Dear America, don’t you want my money?

I don’t get it, you are in the middle of a recession, times are tough. I want to buy your stuff, but you make it hard, impossible or illegal to give it to you….

You make it hard with laws like the patriot act meaning adoption of some of your services is tricky due to my own laws.

You make it impossible by not launching your services to us, the other 95% of the worlds population,

You make it illegal,  by creating artificial barriers to me giving you money.

Why? Why do you do that?  Surely a much bigger market is a good thing?  The Internet connects us all, we are now all your market.  Why keep us out?

Honestly right now it feels like apartheid (yes racial separation), we outsiders can all look in. We’ve got our faces pressed up against the glass window of the shop. We can see how the other half lives and what they can buy…

So I ask again, America, don’t you want my money?

3 thoughts on “Dear America, don’t you want my money?

  1. I can relate so much to this. The Internet removes barriers to reaching a global market, yet people erect invisible walls and segregate IP address by geographic location.

    I have to jump through hoops to ship my Amazon Kindle to my country. I have to jump through hoops to buy Kindle books. I have to jump through hoops to buy DRM-free music.

    I was recently able to purchase from Amazon MP3, but recently, they seem to add geo-IP at the purchase point, so that’s gone for me. The iTunes store seems the most non-US friendly, as it doesn’t care about IP, just as long as you have a US store account (which you can create by purchasing an iTunes US gift card at various places online).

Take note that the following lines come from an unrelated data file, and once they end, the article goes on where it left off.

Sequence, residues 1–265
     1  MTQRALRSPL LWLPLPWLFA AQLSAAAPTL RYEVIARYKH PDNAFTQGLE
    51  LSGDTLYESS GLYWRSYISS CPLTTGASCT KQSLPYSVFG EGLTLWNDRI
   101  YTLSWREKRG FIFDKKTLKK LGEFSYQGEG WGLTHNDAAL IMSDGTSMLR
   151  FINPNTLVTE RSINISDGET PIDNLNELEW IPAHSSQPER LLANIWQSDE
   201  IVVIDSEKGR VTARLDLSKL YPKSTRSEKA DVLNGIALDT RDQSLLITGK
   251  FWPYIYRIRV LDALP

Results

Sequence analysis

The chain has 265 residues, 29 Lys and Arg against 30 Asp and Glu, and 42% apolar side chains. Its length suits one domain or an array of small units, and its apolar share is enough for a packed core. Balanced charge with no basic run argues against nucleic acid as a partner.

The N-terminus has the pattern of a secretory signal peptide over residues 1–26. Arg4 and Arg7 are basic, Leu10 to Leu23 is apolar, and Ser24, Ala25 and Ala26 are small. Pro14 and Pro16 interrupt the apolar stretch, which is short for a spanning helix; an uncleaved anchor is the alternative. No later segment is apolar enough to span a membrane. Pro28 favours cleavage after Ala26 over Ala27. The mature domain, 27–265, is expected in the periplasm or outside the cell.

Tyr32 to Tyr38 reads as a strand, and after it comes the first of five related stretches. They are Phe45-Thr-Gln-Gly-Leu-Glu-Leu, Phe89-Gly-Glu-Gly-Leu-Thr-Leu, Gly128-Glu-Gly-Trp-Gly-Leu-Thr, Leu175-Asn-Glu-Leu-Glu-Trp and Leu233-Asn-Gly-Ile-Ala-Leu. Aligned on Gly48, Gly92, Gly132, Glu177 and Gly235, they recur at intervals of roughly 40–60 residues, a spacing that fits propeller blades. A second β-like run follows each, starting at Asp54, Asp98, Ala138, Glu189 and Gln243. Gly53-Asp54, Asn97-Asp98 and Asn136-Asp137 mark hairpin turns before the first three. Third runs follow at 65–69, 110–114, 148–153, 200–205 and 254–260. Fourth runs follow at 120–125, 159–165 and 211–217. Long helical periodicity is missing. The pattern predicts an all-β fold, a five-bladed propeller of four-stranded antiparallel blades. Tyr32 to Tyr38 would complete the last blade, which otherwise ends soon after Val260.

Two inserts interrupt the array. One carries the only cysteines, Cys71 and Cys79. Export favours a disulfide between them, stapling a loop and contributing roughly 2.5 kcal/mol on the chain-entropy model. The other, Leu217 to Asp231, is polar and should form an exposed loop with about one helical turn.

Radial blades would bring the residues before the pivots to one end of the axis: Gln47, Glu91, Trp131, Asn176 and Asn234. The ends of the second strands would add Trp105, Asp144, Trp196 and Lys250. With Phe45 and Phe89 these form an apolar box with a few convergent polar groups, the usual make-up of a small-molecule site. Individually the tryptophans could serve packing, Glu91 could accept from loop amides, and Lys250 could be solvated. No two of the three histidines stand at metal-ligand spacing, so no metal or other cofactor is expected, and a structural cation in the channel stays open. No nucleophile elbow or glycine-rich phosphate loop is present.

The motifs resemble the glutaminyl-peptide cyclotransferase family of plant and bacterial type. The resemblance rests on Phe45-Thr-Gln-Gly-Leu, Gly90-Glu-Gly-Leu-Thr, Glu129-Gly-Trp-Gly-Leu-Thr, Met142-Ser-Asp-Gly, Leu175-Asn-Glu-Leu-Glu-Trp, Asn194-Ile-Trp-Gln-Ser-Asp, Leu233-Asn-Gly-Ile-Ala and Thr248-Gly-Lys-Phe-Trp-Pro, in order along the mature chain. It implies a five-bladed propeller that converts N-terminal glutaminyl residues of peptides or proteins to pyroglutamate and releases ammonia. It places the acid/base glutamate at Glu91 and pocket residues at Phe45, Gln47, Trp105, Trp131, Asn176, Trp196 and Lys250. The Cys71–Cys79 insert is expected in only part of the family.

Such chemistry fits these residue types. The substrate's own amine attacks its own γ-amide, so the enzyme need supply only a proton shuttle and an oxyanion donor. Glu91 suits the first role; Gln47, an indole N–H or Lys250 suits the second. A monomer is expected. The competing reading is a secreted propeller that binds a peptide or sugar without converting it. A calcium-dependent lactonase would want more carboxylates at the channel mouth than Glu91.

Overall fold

2. I believe lots of services such as Netflix that deal with content run into problems when negotiating the use of the content within different countries. Lot’s of times, the company that produced the content, i.e. a movie, doesn’t hold the rights in a different country. Rather they sell the rights to a locally-based distribution company to handle it, such things make it hard for a company like Netflix, Hulu, Amazon, Apple to negotiate around.

    • Hi Ian, I agree with how this comes about, but the reality is that most of those movie companies (and this is a guess) made a deliberate decision to control content release…thru zones, DRM or legal frameworks…. And (again, a guess) but my feeling is most are US based… Why? I would love to pay both the distributor (netflix) and the owner (the movie company) to view their stuff…

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